this new book, and outlined plans for relief
Looking Backward, Bellamy 50
Emmet Bonlore, Reed. A new book of engrossing interest by a
popular author 50
Drives from Sea to Sea, Post. Abook that should be read by all. . .
An Indiana M.n, Armstrong. A well told story of a young man who
' entered politics" and what came of it
A Kentucky Colonel, Reed. The deepest thinker and the most pro
gressive of all the writers of humor in this country is Opie P.
Reed, and this is his best work
The Coming Climax in the Destinies of America, by Lester C. Hub
bard. 480 pages of new facts and generalizations in American
politics. Radical yet constructive. An abundant supply of new
amunition for the great reform movement 50
A Financial Catechism, Brice .50
A Tramp in Society, Cowdrey :50
Richard's Crown, Weaver 50
The Great Red Dragon, Woolfolk 50
Pizarro and John Sherman, Mrs. Todd 25
Money Monopoly, Baker 25
Our Republican Monarchy 25
Labor and Capital 20
Ten men of Money Island, Norton. Col. Norton has told his story
in a way that cannot fail to interest you, send for a copy 10
Geld, Shilling. This book should be in the hands of every German
in the state 15
Cushing's Manual of Parliamentary Rules 25
Smith's Diagram and Parliamentary Rules
Roberts' Rules of Order
Seven Financial Conspiracies 10
Labor and Alliance Songster, words only 10c each. Per dozen 1.10
" " " " Music ed. 20c " " " by ex
" " " " " " board 25c " " "
Songs of Industry, Howe. In this book the author has given us a
number of entirely new songs, words and music complete, and
Alliances will find it a splendid collection
Any book on the list sent post paid on receipt of price. Liberal
Alliances wishing to purchase a library.
We are offering The Farmers' Alliance one year, and any 50c book on the
list for only $1 .85. Address
ALLIANCE PUB, CO., Lincoln, Neb.
WHOLESALE AND RETAIL
The Story of Billiards.
The first billiard player is declared
by those who have investigated the
subject to nave Deen a ijonaon
pawnbroker named William Kew. It
is his name spelled differently which is
applied to tne suck universally useu
in the game of billards and known as
A letter in the British Museum says
that Kew not only loaned the money
but sold cloth, and that the three
round balls, which he had hung in
front of his shop as a sign, were taken
down one day to De cleaned ana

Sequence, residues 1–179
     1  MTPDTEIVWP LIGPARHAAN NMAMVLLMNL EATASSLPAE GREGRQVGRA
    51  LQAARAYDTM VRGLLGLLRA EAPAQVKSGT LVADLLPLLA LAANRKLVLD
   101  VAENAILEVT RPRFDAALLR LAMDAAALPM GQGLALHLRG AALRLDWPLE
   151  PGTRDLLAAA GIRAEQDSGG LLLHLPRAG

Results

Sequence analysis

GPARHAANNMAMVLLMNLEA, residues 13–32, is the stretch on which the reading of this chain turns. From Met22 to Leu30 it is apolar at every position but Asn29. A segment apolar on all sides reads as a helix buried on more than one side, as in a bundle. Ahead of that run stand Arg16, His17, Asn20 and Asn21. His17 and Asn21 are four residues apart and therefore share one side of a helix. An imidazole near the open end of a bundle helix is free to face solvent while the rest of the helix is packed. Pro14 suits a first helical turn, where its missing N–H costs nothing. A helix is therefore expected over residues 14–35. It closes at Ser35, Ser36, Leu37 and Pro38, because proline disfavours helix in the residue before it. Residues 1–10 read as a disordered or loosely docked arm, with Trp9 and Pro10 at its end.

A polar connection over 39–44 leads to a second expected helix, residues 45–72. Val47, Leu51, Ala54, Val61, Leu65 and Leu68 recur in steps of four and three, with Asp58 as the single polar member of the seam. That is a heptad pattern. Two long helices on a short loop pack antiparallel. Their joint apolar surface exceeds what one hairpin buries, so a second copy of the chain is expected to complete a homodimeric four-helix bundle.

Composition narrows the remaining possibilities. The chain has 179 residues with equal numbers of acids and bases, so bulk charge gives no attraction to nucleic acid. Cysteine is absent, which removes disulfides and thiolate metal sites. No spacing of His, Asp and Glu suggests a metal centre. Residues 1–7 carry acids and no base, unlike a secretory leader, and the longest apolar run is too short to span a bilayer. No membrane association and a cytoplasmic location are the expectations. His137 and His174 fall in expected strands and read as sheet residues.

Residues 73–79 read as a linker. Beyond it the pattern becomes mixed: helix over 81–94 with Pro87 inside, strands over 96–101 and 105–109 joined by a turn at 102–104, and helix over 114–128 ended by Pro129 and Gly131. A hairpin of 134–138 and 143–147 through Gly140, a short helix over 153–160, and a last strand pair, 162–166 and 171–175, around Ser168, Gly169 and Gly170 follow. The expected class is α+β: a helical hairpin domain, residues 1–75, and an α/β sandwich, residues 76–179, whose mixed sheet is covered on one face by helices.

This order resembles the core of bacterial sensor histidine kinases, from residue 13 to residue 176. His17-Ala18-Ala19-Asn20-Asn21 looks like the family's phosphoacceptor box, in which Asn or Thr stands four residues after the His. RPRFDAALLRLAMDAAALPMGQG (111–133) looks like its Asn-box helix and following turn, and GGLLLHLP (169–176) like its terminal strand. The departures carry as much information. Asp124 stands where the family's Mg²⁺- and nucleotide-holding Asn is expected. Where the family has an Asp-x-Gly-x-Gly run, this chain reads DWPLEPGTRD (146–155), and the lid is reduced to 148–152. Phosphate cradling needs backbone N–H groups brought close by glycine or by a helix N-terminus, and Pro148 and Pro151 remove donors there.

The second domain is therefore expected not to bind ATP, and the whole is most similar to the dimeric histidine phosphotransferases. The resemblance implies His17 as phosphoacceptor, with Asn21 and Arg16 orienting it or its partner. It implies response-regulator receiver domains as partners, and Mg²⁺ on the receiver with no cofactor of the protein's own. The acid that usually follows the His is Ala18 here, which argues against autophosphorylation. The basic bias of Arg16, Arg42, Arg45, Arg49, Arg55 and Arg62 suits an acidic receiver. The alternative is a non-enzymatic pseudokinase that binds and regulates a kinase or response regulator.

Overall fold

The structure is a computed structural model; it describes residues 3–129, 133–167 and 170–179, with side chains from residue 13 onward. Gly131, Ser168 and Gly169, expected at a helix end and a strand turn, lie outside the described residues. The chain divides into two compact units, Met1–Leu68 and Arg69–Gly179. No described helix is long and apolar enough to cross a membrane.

polished and were laid on the cloth,
counter " by the yardstick. Picking
up the yard-stick carelessly Kew be
gan to punch these balls about on the
smooth surface of the cloth spread
out before him, and soon acquired a
certain sort of skill at making one
glance from the other. He got to be
quite fond of this amusement, which
his friends called "Bill's yard." This
'was afterwards, the letter says, short
ened into "billiards."
Punl9hment of Wlfo-Beater3 In Ger
many, Mr. Labouchere writes: My atten
tion has been called to a system said
to be in force in Germany, by which
a man may be imprisoned for an as
sault on his wife or children without
causing the punishment to react to
the further disadvantage of his vic
tims. The plan consists in imprison
ing him only on his holidays. He is
taken every Saturday when he leaves
work and locked up till Monday morn
ing, and this process is repeated until
he haadone his ''month," or whatever
the term may be. The idea is ingen
ious, but I do not see how it could be
worked effectually except in a country
where the whole population are under
Close police supervision.
Cloii Hals, Gaps and Firaisig Goods
BEATRICE, GRAND ISLAND, FALLS CITY, WEEPING
Special Attention to Mail Orders.
W W 0 SIB. LINCOLN. NEB.
Ilia Her Tie Coin,
Pure Hemp Binder Twine
FROM HOME GROWN FIBER.
We can offer to fanners a better article for less money than
tney nave ever Deiore Known.
Will ship sample bag and take lodge note payable Oct. 1,'92.
Patronize Home Industry.
For further information address Nebraska Binder Twine Co., Fremont Neb
or J. W. Hartley, Alliance Purchasing Agent, Lincoln, Neb. '
J. C. McKELI
Successor to BADGER LUMBER CO.
Wholesale Retail Lumber
0 ST. BETWEEN 7TH AND 8TH LINCOLN. NEB,